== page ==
Wasp of Twickenham
489; aka Alexander Pope
Watteau, Jean Antoine (1684-1721)
633; French painter who depicted the wide box pleats extending from shoulder to hem in an unbroken line in a woman's gown.
From Aldous Huxley's The Doors of Perception:
- "Or consider Watteau; his men and women play lutes, get ready for balls and harlequinades, embark, on velvet lawns and under noble trees, for the Cythera of every lover's dream; their enormous melancholy and the flayed, excruciating sensibility of their creator find expression, not in the gestures and faces portrayed, but in the relief and texture of their taffeta skirts, their satin capes and doublets. Not an inch of smooth surface here, not a moment of peace or confidence, only a silken wilderness of countless tiny pleats and wrinkles, with an incessant modulation - inner uncertainty rendered with the perfect assurance of a master hand - of tone into tone, of one inderterminate colour into another." 
Oortman, 154; Brown Bess (rifle), 308; Hanger, 365; Musketoon, 382; Dutch Rifle (w/Pentacle) 342, 427; Beaver, 494; Lancaster County Rifle ("deadly from a mile off"), 278, 551, 613, 663; Highwayman Pistol, 638; Dirk (long knife), 400, 711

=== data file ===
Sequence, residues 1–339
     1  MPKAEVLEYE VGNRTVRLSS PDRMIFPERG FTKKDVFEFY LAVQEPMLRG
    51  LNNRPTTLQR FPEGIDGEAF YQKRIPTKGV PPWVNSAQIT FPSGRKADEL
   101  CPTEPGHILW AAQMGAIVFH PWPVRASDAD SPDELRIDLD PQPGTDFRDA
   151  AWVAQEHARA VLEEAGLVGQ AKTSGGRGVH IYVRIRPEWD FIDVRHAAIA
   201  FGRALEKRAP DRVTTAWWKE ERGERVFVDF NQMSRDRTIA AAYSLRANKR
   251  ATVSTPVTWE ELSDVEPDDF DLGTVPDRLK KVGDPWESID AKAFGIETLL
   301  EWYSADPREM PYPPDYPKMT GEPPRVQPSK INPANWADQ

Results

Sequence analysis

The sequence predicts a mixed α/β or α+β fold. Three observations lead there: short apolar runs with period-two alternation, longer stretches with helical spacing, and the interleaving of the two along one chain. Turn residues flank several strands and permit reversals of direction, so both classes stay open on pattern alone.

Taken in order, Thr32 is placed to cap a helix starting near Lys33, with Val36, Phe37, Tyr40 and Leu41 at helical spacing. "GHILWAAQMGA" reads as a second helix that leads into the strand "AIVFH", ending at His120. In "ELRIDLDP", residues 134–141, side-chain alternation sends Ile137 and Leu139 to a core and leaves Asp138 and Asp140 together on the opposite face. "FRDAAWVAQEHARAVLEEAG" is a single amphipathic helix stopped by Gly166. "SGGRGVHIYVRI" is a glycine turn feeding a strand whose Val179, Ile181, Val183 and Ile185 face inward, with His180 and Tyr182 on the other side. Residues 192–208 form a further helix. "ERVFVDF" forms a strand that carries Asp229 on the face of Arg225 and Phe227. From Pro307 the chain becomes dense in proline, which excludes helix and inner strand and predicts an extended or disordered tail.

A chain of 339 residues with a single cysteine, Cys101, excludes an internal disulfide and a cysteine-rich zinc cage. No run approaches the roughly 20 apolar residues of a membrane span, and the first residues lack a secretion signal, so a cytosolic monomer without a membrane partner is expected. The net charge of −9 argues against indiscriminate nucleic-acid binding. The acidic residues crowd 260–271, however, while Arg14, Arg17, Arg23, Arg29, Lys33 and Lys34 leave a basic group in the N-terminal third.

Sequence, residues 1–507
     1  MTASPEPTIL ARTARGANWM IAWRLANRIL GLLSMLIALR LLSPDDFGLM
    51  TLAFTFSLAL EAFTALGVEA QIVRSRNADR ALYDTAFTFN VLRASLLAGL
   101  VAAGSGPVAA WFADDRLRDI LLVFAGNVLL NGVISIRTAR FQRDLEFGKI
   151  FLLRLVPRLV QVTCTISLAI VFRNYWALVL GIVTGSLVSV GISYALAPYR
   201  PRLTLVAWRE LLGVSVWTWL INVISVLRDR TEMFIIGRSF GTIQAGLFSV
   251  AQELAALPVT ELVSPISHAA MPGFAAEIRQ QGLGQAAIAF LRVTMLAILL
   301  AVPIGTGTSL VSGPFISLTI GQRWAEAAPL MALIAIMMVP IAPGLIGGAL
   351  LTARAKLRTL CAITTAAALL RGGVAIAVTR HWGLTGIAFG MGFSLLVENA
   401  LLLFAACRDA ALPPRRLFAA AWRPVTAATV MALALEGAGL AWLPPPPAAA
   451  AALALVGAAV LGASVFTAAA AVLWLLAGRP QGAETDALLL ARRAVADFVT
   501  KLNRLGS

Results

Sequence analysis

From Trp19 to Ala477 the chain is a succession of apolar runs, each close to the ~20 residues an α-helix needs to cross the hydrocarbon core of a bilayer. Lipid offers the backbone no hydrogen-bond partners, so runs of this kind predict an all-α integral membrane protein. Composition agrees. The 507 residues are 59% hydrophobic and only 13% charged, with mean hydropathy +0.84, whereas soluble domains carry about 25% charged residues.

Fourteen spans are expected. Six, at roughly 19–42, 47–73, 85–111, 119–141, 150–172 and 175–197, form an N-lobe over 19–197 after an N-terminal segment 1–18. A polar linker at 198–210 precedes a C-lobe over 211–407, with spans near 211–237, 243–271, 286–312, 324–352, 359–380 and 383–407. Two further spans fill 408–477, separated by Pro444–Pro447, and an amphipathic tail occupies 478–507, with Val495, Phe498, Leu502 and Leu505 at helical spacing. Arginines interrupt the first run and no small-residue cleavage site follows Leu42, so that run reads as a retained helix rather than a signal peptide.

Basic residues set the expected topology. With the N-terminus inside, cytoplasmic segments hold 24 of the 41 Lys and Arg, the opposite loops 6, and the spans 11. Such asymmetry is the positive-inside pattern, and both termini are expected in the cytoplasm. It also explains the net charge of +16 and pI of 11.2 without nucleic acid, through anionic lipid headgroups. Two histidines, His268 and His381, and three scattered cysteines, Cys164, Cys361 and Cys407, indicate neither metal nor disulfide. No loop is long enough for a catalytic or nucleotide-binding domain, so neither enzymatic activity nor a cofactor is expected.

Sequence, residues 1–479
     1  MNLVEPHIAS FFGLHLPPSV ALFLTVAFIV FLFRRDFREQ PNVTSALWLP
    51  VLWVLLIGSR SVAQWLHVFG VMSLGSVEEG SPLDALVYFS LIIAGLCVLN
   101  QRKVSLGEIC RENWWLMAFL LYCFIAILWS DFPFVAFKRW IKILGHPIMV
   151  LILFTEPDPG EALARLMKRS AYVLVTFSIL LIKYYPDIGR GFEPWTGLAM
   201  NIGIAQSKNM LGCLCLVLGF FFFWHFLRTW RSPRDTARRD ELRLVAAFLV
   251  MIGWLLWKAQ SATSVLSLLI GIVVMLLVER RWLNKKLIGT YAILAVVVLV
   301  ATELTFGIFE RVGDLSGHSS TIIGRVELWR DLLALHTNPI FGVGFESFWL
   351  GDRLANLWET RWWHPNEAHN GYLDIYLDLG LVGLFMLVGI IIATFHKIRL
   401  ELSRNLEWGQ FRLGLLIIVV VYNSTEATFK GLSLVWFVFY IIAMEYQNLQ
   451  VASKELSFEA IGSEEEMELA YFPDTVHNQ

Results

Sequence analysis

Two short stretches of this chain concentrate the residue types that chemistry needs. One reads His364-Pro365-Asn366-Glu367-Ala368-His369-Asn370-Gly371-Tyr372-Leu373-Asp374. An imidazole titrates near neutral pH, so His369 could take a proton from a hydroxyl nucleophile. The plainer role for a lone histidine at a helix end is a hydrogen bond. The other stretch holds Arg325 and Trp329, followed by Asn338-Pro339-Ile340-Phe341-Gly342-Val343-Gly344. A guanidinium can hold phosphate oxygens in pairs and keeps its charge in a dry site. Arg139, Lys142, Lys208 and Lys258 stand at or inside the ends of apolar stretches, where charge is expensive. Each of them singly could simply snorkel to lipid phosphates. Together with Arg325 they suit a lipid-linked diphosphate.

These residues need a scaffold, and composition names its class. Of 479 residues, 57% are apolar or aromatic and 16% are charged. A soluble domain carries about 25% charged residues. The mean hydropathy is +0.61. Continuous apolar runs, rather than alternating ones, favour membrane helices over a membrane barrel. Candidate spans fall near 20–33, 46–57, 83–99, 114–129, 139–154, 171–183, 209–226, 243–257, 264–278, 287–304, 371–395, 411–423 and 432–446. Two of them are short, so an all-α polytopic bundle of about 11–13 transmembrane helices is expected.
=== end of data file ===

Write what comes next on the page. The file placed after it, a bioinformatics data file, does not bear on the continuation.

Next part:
Wearside, 239; Weardale, 239; The Wear, 242; Wear Valley, 273
572; at whose house where stays in Williamsburg
406; 501; 503
185; Durham Quaker, 237; Quaker, 239; "of Catholic houses of Asylum" 420; Web of Communication, 644, 567
A small area of land of disputed jurisdiction created by geographic and geometric inconsistencies of the definitions of the borders of Pennsylvania, Maryland, and Delaware. The Wedge is south of the 39*43' parallel, west of the New Castle circle, and east of the North Line. See Wikipedia entry View image
323; aka the "Delaware Triangle"; 469-70
- The "notorious Wedge" that the tangent line created did exist, and provided a kind of no man's land where criminals and other unsavory types hung out because they were...neither [in] Pennsylvania nor Maryland.
480; German: "Alas!"